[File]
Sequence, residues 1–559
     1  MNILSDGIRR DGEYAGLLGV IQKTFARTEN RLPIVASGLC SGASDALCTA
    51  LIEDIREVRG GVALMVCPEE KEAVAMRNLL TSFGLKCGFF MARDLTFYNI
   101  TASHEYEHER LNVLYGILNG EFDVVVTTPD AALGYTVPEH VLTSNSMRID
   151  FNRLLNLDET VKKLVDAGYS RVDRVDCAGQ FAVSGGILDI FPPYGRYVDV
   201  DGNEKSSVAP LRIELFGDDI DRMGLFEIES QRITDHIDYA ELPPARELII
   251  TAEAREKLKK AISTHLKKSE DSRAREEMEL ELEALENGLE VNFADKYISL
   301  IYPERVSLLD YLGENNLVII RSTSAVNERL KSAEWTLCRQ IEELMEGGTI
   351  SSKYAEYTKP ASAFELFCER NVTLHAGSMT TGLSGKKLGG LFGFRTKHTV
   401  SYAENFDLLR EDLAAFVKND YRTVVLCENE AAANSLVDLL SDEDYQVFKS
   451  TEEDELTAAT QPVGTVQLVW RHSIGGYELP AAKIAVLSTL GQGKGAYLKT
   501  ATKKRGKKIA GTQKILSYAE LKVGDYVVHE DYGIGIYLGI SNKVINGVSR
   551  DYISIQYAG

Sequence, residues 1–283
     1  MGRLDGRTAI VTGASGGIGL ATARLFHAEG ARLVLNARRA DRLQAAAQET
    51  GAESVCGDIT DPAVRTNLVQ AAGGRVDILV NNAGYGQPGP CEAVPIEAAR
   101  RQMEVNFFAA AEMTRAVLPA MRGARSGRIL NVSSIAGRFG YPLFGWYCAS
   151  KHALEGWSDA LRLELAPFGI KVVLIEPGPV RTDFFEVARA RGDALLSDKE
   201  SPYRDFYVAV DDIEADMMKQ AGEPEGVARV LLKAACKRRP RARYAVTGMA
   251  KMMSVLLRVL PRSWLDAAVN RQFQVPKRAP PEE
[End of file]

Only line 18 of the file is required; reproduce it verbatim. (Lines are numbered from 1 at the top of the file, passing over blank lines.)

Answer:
   151  KHALEGWSDA LRLELAPFGI KVVLIEPGPV RTDFFEVARA RGDALLSDKE